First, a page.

Tuesday, October 16, 2007

Review: Taxidermia

Dir. György Pálfi
Year: 2006
Aus Rating: R18+
Running Time: 91mins

I watched the humourously revolting Taxidermia last night. You may know that title as one of the official selections of 2006's Cannes Film Festival and as Hungary's entry into the 2007 foreign language film category at the Academy Awards. I had heard plenty about it, about how it was not for a faint of heart and how it's one of the sickest movies ever made.

Well, I gotta ask - is it really that sick? Don't get me wrong, there are plenty of disgusting images in this film and the themes it explores are positively nauseating, but is watching a man fuck a pig really more vile than any of the images we get served yearly in horror films? Isn't it more sick to watch someone be stripped and murdered (and perhaps be asked to enjoy it) than it is to watch a man stuff an obese man's corpse with grass?

...okay, perhaps it is.

But I was still surprised how little I was revolted by György Pálfi's film. Taxidermia has three stories, all - I assume - adapted from the Lajos Parti Nagy short stories - that revolve around three generations of men. The first is an errand boy who is addicted to swallowing fire and eventually grows a flame-throwing penis. The next story is about his son who has a pig tail and grows up to become a competitive speed eater vying for the affection of an Olympic gold medalist speed eating woman. The third and final story is about his son who is a taxidermist who cares for his 600 pound father and his fat lard-eating cats.

Notice how casually I said all that? It's because the film takes itself so casually that it stops being revolting and shocking after a while and the disgusting acts it is showing become merely part of the scenery. It doesn't show you these people degrading themselves because it can, it does it because that's simply what they do. Make sense? Probably not.

The only parts where I actually felt quite sick was during the speed eating scenes of the second story. And even then it was only the copious amounts of CGI vomit that was irksome. The film's "centrepiece" - I guess you could call it that - is a scene in the final moments of the taxidermist son enacting his profession with deeply disturbing skill before the scene ends with one of the more genuinely shocking revelations I've seen in a long time. I can barely watch anything that involves medical work yet I was strangely transfixed.

Taxidermia is bloody and brutal, it doesn't shy away from showing the audience images that it knows will find sickening, but as I've said, it doesn't show these things merely to gross an audience out (well, maybe a little). I really think it is showing a story of these three people. Stories that just happen to involve bestiality, self-mutilation, murderous felines, embryo modelling, children with curly pig tails and a scene involving caviar that will make someone with the most seasoned food palate squirm in their seat at the sight of it.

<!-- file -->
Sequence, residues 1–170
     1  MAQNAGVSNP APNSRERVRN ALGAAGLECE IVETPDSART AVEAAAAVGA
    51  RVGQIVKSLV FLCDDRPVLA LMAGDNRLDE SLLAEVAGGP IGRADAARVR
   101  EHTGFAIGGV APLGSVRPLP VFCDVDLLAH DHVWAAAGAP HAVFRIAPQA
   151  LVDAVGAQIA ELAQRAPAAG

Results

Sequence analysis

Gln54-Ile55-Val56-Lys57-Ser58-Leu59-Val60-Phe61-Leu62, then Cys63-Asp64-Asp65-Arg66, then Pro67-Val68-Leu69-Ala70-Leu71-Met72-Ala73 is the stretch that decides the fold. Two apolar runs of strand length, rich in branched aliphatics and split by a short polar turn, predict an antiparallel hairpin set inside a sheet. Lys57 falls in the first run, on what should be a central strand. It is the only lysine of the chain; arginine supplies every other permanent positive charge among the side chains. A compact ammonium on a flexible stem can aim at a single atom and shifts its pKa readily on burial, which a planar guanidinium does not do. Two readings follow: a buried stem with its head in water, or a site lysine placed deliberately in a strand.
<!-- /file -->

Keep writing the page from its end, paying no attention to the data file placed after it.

That Palfi makes the film so watchable at all is, I think, a testiment to this surprisingly young director (he's 33, and this is only his second feature-length film). He has amassed a great technical team alongside him. The photography by Gergely Pohárnok somehow mananges to find a grimey beauty in the images. The editing by Réka Lemhényi is probably some of the very best of the year and Lemhényi should be snapped up quick smart by a director with more, how shall I put this? With more commercial possibilities. In fact the work by the cinematographer and editor work incredibly well together (surprisingly rare) and there is one sequence that involves a revolving bathtub that is fascinating to watch as the two medium merge into one. Adrienn Asztalos's art direction is also kookily fascinating, filling rooms with stripped paint, dead animals and all sorts of various fetishist images. There's no denying that Taxidermia looks like a Hollywood film gone down the Midnight Movie path. Discussing the performances however is generally on the pointless side, but of team of grotesques I thought Marc Birschoff was a standout and one worthy of future thought.

I wouldn't recommend Taxidermia to many people, but if the idea of watching a man have sex with a morbidly obese woman who then partway through turns into a dead pig carcus sounds like something that doesn't make you want to heave at the mere thought, then seek it out. You may just find outself being surprised, and in more ways than one I imagine. B

1 comment:

Simon A said...

I can stomach most horror movies but had a lot of trouble getting through Taxidermia. Weird!